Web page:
• some text on adverbs

    From alexander koryagin@2:5020/400 to All on Sat Mar 3 08:24:55 2018
    From: "alexander koryagin" <koryagin@erec.ru>

    Hello, All!

    Refreshing my memory on adverbs, I've got this text, that probably can be useful for other learners too.

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    _ADVERBS_

    _Printed in italic_ - just to attract attention to the words.
    _PRINTED IN CAPITAL - HOW IT SHOUD BE._

    The clearness of the sentence is often dependent upon the proper placing of the adverb. No absolute rule can be laid down, but it should generally be placed before the word it qualifies. It is sometimes necessary to place it after the verb, and occasionally between the auxiliary and the verb, but it should never come between to and the infinitive.

    "I have thought of marrying _often_." As _THE ADVERB RELATES TO THE THINKING_, and not to the marrying, the sentence should read, "I have _OFTEN_ thought of marrying."

    "We have _often_ occasion to speak of health." This should be, "We _OFTEN_ have occasion," etc.

    "It remains then _undecided_ whether we shall go to Newport or Saratoga."
    _PLACE UNDECIDED BEFORE THEN_.

    _Adjective or Adverb_

    There is often a doubt in the mind of the speaker whether to use the adjective or the adverb, and too frequently he reaches a wrong decision.
    When the limiting _WORD EXPRESSES A QUALITY OR STATE OF THE SUBJECT OR OF
    THE OBJECT OF A VERB, THE ADJECTIVE MUST BE EMPLOYED_; but if the _MANNER
    OF THE ACTION IS TO BE EXPRESSED, THE ADVERB MUST BE USED_. The _verbs be, seem, look, taste, smell, and feel_ furnish many stumbling-blocks.

    "This rose smells _sweetly_." As the property or quality of the rose
    is here referred to, and not the manner of smelling, the adjective _SWEET_ should be employed, and not the adverb _sweetly_.

    "Thomas feels quite _badly_ about it." Here, again, it is the condition of Thomas's mind, and not the manner of feeling, that is to be expressed; hence, _badly_ should be _BAD_ or _UNCOMFORTABLE_.

    "Didn't she look _beautifully_ upon the occasion of her wedding?"
    No; she looked _BEAUTIFUL_.

    "The sun shines _brightly_." _BRIGHT_ is the better word.

    "The child looks _COLD_," refers to the condition of the child. "The
    lady looked _COLDLY_ upon her suitor," refers to the manner of looking.

    "The boy feels _WARM_" is correct. "The boy feels _WARMLY_ the rebuke
    of his teacher" is equally correct.

    While license is granted to the poets to use the adjective for the adverb, as in the line

    "They fall successive and successive rise,"

    in prose the one must never be substituted for the other.

    "_AGREEABLY_ to my promise, I now write," not "_Agreeable_ to my promise."

    "An _awful_ solemn funeral," should be "An _AWFULLY_ solemn funeral."

    "He acts _bolder_ than was expected," should be "He acts _MORE BOLDLY_."

    "Helen has been _awful sick_, but she is now considerable better." "Helen has been _VERY ILL_, but she is now considerably better."

    Do not use _coarser for more coarsely_, _finer for more finely_,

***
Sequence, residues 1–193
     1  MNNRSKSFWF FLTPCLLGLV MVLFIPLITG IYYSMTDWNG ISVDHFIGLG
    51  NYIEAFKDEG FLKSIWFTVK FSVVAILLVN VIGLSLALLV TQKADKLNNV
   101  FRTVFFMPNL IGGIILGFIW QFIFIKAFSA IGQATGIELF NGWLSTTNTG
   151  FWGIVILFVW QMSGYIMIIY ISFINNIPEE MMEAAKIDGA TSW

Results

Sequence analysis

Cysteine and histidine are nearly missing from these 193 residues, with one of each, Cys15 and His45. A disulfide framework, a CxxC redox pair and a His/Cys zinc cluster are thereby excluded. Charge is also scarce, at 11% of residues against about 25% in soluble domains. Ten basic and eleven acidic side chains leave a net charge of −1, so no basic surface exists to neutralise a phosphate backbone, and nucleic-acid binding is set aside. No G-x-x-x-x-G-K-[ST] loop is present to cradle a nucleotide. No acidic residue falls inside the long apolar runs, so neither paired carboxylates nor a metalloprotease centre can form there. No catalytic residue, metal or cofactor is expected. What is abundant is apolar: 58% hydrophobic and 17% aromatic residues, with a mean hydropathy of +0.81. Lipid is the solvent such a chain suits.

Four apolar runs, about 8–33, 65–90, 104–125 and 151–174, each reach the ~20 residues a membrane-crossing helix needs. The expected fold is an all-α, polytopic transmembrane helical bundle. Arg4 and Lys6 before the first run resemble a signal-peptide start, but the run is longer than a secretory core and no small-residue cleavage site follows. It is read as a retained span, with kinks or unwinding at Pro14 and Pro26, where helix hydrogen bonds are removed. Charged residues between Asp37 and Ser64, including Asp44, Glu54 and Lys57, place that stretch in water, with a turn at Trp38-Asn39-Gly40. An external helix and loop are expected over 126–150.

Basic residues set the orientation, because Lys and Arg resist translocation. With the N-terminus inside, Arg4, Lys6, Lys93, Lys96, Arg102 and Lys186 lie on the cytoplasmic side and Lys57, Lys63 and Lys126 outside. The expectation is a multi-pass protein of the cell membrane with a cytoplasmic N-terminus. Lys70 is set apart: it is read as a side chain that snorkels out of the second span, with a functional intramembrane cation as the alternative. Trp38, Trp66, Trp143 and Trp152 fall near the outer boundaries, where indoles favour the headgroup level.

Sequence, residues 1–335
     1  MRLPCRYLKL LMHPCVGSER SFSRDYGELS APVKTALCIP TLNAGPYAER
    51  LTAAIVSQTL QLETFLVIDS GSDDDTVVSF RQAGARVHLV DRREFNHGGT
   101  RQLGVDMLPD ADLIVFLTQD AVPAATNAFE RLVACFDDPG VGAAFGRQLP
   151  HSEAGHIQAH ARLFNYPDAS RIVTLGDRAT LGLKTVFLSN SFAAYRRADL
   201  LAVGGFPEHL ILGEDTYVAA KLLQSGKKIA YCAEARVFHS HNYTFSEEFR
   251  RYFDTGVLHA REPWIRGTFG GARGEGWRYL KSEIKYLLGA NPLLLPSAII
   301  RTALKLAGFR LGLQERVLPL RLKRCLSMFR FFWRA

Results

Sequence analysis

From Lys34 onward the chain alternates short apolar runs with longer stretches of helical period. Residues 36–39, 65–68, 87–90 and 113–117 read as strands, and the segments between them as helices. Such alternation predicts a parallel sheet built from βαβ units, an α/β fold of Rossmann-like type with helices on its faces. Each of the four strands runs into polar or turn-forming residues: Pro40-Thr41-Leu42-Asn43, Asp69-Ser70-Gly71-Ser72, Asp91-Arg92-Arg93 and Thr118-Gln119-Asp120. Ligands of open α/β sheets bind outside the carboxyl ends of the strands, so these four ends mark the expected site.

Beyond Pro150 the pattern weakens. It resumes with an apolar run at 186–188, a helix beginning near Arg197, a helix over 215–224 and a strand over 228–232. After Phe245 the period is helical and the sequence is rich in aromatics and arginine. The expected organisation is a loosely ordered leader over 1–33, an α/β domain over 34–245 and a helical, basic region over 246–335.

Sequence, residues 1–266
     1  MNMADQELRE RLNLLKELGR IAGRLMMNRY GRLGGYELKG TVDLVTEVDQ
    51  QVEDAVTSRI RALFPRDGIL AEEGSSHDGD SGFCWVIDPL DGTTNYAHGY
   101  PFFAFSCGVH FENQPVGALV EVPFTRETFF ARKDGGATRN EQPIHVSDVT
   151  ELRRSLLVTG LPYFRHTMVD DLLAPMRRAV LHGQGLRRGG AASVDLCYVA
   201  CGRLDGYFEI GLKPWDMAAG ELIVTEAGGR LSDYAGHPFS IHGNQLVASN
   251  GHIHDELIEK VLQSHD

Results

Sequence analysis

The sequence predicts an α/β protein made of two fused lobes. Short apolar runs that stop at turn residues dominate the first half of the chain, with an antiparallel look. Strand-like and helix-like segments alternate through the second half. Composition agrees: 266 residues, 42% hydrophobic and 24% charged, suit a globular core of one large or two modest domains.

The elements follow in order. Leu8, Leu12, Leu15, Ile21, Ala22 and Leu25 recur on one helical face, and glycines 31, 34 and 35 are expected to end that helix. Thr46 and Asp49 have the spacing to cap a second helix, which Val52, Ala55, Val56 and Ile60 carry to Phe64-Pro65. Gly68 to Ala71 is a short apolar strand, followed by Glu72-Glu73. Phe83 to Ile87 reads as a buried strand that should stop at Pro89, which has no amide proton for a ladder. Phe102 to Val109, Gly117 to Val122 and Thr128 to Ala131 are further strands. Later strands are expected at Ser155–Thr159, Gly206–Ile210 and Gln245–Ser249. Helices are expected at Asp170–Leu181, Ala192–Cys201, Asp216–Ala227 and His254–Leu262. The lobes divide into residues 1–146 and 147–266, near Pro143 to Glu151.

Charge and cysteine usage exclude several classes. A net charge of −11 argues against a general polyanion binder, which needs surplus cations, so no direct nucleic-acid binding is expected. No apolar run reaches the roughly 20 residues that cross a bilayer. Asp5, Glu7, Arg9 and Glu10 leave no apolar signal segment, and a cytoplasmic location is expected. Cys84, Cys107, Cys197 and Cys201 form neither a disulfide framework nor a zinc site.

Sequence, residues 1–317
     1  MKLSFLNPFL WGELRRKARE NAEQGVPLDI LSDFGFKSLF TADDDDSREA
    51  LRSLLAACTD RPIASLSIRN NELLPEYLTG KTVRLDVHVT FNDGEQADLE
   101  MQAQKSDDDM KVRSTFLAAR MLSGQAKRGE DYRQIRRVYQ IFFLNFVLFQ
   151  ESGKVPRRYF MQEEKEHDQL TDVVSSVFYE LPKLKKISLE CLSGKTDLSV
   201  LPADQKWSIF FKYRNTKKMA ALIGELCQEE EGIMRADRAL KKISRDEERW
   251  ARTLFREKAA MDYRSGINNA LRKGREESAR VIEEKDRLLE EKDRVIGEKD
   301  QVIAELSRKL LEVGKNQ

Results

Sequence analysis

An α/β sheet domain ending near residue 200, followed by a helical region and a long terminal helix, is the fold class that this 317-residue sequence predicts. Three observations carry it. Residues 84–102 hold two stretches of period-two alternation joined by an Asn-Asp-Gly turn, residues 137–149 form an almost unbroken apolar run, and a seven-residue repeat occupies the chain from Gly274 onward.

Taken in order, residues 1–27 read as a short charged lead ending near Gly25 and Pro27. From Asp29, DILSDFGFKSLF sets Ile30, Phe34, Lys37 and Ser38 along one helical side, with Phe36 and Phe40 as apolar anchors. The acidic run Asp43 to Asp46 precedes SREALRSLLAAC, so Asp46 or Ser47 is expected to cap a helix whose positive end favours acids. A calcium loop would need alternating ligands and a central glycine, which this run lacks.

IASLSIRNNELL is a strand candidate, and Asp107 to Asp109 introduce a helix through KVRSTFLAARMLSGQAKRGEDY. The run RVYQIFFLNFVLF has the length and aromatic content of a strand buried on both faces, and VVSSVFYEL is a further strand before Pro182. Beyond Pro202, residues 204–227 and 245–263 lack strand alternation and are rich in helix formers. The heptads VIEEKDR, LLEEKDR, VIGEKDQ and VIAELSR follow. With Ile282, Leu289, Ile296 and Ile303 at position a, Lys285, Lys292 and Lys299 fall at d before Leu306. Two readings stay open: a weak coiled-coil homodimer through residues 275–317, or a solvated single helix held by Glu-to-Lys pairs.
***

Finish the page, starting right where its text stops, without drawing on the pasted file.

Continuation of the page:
_harsher for more harshly_, _conformable for conformably_, _decided for decidedly_,
    _distinct for distinctly_, _fearful for fearfully_, _fluent for fluently_.

    Do not say "This melon is _uncommon_ good," but "This melon is _UNCOMMONLY_ good."

    The word ill is both an adjective and an adverb. Do not say "He can _illy_ afford to live in such a house," but "He can _ILL_ afford."

    "That was a _dreadful_ solemn sermon." To say "That was a _DREADFULLY_ solemn sermon" would more grammatically express what the speaker intended,
    but very or exceedingly would better express the meaning.

    _Such, So_

    _Such_ is often improperly used for the adverb _so_.
    _Such_ is used before nouns (with a definition or without). _So_ is
    used before adjectives without a noun, before pronouns _much, little, many, few_, and before adverbs.

    You are _SUCH A DAWDLER_, Cecily!
    You describe it _SO VIVIDLY_, Steve!
    I have _SO MANY THINGS_ to do.
    It's _SUCH A CLEVER CAT!_

    _Good, Well_

    Many intelligent persons carelessly use the adjective _good_ in the sense of the adverb _well_; as, "I feel good to-day." "Did you sleep good
    last night?" "Does this coat look good enough to wear on the street?" "I
    can do it as good as he can." The frequent indulgence in such errors dulls
    the sense of taste and weakens the power of discrimination.

    _Very much of_

    "She is _very much of_ a lady." Say, "She is _VERY LADYLIKE_."
    "He is _very much of_ a gentleman." Say, "He is _VERY GENTLEMANLY_."

    _Quite_

    This adverb is often incorrectly used in the sense of _very_ or _rather_. It _SHOULD BE EMPLOYED ONLY IN THE SENSE OF WHOLLY OR ENTIRELY_. These sentences
    are therefore _INCORRECT_:

    "He was wounded quite severely."
    "James was quite tired of doing nothing."

    _No, Not_

    "I cannot tell whether he will come or _no_." "Whether he be a sinner
    or _no_ I know _NOT_." In such cases _not_ should be used instead of _no_.

    _So nice_

    "This basket of flowers is _so nice_." _So nice_ does not tell how nice.
    _So_ requires a correlative to complete its meaning. Use _VERY NICE_ or _VERY PRETTY_.

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    Bye All!
    Alexander (yAlexKo[]yandex.ru) + 2:5020/2140.91
    fido7.english-tutor 2012



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